The lack of intimate friendship with the mother of her husbands does not mean that Billana remains oblivious to the other tensions that exist in the life of Princess Dis. The first is that, for all the obvious affection between Hillevi, Fili ,and Kili, the same does not extend to Dis and Hillevi. The other 'dam is in a position of great trust with the royal household and she is the one that Billana most regularly sees guarding the door to Dis' office when she arrives. That there is tension between the two makes her question it and it is not until Billana arrives slightly early one morning that she gains any insight into the matter.

"You have sworn yourself to me, Hillevi," the hobbit hears Dis say. The door is closed and perhaps a dwarf might miss the muffled voices, but Billana's hearing is better.

"I swore myself to my husband first," Hillevi replies, "and there is nothing for him here. Frode needs to go to Erebor for his craft, Orde and Nylevi are going with him. Oath or no, I will not turn my back on my husband and children. You know as well as I that Nylevi is old enough and knowledgeable enough to serve as ruthukhînh to Billana. She needs only a little more guidance in the procedures and I can provide that as we travel if you still cannot bring yourself to leave."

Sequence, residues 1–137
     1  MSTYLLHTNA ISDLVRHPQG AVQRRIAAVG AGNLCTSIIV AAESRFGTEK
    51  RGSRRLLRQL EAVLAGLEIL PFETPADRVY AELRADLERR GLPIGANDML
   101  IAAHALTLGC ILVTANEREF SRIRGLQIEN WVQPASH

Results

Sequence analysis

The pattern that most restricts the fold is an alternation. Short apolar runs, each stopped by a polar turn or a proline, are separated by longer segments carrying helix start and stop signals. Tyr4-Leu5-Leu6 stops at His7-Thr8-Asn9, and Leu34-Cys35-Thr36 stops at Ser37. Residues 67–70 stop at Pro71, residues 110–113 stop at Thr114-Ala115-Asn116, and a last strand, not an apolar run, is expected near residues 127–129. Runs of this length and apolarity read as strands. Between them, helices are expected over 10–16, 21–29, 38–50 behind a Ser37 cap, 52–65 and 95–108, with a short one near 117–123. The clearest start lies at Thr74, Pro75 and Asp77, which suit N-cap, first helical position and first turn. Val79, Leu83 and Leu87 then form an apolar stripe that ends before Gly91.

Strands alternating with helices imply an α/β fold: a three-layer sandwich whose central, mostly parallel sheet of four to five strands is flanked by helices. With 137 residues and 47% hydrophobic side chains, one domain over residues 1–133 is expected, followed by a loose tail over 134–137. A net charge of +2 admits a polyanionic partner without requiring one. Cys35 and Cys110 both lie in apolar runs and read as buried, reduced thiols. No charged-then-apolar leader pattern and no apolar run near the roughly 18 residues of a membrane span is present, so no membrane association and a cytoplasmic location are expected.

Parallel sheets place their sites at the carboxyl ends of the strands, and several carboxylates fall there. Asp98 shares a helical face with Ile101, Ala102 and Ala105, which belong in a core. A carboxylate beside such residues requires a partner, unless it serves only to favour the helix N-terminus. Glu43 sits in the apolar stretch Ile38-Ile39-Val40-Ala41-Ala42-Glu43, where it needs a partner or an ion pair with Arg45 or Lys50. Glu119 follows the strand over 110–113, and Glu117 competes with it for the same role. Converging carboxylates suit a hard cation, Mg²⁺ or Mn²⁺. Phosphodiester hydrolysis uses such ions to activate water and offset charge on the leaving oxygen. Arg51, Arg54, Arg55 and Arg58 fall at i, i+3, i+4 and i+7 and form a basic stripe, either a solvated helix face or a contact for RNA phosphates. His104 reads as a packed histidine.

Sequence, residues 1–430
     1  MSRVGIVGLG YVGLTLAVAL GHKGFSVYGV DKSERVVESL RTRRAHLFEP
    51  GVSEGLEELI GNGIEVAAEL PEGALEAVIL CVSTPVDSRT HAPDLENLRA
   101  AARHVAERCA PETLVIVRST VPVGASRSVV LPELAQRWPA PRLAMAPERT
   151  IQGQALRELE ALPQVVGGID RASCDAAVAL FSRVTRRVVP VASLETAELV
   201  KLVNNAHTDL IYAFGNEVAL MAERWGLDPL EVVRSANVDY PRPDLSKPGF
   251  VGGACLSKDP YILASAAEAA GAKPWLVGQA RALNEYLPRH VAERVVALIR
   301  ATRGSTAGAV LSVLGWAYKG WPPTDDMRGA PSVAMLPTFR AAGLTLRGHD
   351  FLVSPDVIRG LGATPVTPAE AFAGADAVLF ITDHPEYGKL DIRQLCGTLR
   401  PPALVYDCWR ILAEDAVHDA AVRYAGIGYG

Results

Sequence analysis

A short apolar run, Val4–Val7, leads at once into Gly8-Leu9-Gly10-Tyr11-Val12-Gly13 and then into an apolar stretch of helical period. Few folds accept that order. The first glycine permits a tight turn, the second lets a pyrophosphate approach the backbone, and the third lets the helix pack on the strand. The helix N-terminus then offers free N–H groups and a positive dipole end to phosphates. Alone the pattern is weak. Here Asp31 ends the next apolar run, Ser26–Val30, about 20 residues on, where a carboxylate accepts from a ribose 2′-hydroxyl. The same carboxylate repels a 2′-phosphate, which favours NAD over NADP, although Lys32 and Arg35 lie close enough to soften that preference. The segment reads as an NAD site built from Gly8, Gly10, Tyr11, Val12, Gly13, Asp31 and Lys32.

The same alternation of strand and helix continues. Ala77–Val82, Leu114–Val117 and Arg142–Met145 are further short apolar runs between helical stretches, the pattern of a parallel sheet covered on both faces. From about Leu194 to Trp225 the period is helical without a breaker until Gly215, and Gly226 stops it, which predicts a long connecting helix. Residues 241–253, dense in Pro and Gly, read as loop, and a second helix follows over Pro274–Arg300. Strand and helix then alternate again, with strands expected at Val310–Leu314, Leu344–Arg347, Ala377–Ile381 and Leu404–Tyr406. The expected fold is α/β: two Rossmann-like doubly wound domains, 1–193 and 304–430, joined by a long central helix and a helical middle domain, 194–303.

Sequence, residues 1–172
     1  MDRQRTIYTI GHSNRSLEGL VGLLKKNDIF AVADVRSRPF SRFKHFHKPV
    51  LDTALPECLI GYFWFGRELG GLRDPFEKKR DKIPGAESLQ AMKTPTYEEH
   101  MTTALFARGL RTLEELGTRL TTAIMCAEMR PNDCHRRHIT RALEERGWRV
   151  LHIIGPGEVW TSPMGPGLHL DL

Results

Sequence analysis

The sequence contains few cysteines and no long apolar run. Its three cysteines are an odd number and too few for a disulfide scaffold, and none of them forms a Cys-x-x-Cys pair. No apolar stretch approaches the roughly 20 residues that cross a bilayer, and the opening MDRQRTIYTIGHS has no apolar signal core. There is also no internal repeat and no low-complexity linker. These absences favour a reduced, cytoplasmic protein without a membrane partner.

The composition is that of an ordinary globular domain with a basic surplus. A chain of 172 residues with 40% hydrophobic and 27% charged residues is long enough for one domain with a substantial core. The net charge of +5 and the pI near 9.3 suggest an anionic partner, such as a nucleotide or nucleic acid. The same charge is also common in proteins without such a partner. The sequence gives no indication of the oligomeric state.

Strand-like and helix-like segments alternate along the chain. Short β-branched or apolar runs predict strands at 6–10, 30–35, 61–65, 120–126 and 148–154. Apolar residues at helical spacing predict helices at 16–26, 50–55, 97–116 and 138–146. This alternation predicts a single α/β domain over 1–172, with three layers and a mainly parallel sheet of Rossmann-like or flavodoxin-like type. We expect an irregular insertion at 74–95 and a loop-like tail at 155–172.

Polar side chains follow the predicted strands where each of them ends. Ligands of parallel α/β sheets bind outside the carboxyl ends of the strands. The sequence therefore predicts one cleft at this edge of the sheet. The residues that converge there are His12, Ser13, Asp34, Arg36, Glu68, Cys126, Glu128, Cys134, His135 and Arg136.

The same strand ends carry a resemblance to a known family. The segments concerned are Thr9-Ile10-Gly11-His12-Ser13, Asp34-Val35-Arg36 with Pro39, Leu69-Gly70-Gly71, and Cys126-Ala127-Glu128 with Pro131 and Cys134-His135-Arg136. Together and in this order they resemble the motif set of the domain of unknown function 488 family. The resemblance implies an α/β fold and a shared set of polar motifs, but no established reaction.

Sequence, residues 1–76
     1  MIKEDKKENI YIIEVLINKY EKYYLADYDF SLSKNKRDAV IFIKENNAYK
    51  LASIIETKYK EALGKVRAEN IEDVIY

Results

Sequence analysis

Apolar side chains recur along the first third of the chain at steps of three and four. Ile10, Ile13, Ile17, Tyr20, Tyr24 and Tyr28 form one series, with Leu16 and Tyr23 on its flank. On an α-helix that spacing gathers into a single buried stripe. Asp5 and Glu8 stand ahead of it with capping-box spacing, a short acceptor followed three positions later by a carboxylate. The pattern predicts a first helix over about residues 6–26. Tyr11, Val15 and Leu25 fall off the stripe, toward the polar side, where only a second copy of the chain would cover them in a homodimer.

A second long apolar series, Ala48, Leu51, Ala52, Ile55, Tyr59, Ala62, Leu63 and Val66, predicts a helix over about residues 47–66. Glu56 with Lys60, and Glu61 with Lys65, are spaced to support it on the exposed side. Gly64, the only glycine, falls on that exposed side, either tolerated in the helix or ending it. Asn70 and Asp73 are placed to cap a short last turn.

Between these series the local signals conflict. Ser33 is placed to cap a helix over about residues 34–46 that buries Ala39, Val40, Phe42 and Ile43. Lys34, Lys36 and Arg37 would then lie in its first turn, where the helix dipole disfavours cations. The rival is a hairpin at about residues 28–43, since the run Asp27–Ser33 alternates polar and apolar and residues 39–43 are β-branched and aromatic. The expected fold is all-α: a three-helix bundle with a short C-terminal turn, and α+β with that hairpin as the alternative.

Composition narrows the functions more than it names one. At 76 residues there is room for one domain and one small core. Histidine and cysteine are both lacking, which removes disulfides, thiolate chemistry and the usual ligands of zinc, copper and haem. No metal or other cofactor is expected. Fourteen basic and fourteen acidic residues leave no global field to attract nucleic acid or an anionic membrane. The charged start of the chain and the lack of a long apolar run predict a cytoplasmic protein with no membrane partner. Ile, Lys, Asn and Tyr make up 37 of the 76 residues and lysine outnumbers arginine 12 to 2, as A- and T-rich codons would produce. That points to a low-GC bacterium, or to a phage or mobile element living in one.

"Why should I leave?" Billana hears Dis demand.

"Because if you do not, you will be alone," Hillevi replies bluntly. "You will not see them again once they leave this time. Fili and Kili will return to Erebor and they will be drawn into their new lives as heirs and husbands and, eventually, fathers. They will wish to come and they will send you letters. They will beg you to come to them in Erebor but they will not leave. I have done my duty to you as ruthukhînh as best I can during the last three decades. If you will not permit me to accompany you there in that role, you leave me with no choice but to retire from your service."